In 2022, the province of Ontario is making changes to the way that probate works. The changes are designed to make the process simpler and more efficient and to allow more people to avoid the need for probate altogether. Let’s look at some of these changes and what they would mean to the people of Ontario.
Virtually Witnessing Wills and POAs Is Now Permanent
Due to the restrictions put on many areas due to COVID-19, the need to do a lot of things virtually became the new norm, and that includes witnessing wills and POAs. In 2020, the Ontario government passed a regulation that allowed people to have their wills and powers of attorney witnessed virtually. This was merely a temporary setup due to the COVID-19 pandemic but has now been made permanent. This means that people can continue to have their documents witnessed online or via video conferencing without having to meet in person, given that the following criteria are met:
- There must be at least one licensed Ottawa probate lawyer or a paralegal among the witnesses involved in the signing process.
- The witness and the testator must sign at the same time.
- Whatever chosen electronic mode of communication is used in the signing must allow the parties to interact in real-time to see and hear the proceedings.
- Despite being able to sign documents online, all signatures must be done by hand. Electronic signatures are not considered valid.
This is a great option for those who are unable to meet in person due to health or other reasons.
Existing Wills Are Now Considered after Marriage
Previously, if you were married and had a Will in place, the Will would be automatically voided when you got married. Since January 1 of this year, however, any existing wills before you got married will still be considered despite a new marriage. The new law will allow people to keep their existing wills after getting married, which was not the case before. This is a positive change as it will give people more control over their estate planning. However, please bear in mind that these measures do not apply retroactively, meaning any marriages that took place before 2022 can still void existing wills.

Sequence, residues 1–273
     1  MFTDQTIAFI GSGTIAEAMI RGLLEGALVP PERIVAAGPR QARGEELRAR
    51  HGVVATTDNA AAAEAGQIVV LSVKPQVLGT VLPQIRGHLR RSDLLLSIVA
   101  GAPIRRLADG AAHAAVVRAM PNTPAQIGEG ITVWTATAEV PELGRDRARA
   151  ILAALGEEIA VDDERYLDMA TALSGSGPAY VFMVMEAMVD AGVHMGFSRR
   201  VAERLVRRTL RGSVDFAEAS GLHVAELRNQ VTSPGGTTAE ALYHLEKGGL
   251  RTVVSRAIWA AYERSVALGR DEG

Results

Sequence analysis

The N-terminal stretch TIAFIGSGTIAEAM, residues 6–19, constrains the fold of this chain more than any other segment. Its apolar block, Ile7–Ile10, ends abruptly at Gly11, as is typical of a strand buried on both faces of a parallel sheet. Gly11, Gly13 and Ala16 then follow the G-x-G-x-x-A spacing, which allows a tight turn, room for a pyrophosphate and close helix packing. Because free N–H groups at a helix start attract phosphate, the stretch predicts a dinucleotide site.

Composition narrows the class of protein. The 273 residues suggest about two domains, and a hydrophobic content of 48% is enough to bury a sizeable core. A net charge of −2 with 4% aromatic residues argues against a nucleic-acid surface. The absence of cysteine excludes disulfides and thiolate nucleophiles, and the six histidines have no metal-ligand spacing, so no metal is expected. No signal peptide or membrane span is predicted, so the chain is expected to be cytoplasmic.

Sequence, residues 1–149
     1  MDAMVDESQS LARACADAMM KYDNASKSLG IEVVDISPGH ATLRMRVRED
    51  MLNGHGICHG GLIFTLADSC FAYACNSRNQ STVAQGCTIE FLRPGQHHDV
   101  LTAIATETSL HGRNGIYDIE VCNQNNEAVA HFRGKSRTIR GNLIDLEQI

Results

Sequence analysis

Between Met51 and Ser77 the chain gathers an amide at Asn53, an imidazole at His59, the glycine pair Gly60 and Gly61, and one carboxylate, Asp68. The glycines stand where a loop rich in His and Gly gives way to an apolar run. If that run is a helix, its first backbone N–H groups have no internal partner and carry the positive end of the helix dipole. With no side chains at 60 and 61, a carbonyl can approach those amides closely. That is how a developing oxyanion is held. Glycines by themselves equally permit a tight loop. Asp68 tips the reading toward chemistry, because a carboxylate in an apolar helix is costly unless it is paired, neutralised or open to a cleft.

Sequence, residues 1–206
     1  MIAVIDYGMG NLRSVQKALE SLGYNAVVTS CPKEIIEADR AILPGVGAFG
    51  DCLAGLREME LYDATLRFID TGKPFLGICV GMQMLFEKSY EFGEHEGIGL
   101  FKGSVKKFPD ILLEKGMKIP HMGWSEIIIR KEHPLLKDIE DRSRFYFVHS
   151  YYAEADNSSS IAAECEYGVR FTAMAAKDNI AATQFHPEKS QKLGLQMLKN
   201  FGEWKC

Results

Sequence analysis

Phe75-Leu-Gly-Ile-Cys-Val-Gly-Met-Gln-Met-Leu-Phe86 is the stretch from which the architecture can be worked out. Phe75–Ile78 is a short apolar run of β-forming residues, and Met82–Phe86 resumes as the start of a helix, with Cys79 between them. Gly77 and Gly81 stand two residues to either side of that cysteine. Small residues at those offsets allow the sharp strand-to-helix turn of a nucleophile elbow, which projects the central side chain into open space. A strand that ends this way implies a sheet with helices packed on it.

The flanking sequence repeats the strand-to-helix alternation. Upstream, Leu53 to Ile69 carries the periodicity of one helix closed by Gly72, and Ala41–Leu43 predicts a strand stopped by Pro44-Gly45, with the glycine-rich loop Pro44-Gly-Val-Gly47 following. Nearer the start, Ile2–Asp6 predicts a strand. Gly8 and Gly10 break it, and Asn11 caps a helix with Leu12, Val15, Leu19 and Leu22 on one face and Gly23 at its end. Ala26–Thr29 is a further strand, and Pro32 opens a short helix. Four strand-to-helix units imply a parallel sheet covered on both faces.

Courts Can Now Validate Improperly Executed Wills
The new rules, which come into effect this year, will allow the court to recognize a document as valid if it meets certain conditions, even if it doesn’t meet all the requirements for a formal will or legal writing. This will make it easier for people to have their wishes carried out after their death without having to go through the formal process of creating a will. Basically, the court can now declare a will valid if they feel that it accurately conveys the deceased’s final wishes. This is a big change from previous laws.
What Does This Mean for You?
The changes to the rules of intestacy and the validation of wills will help many people who die without a will or who are married with an existing will. It will give people more peace of mind that their final wishes will be carried out after their death. It also takes into consideration the many challenges that people go through when creating a will or making adjustments to it during significant life changes like marriage, divorce, or even death.
It’s clear that the new probate laws in Ontario for 2022 will have a significant impact on the estate planning process for Ontario residents. These changes will help many people who die without a will or who are married with an existing will. It will also make it easier for people to have their wishes carried out upon death, even without completely going through the formal process of creating a will. These changes are a big step forward in making the estate planning process more accessible to everyone.
Ontario Wills & Estate Plans are here to help you determine what’s the best legal option for protecting your estate. We offer flexible hours and scheduling so we can provide quality legal advice from skilled and compassionate Ottawa probate lawyers in our firm. Contact us today to schedule an appointment!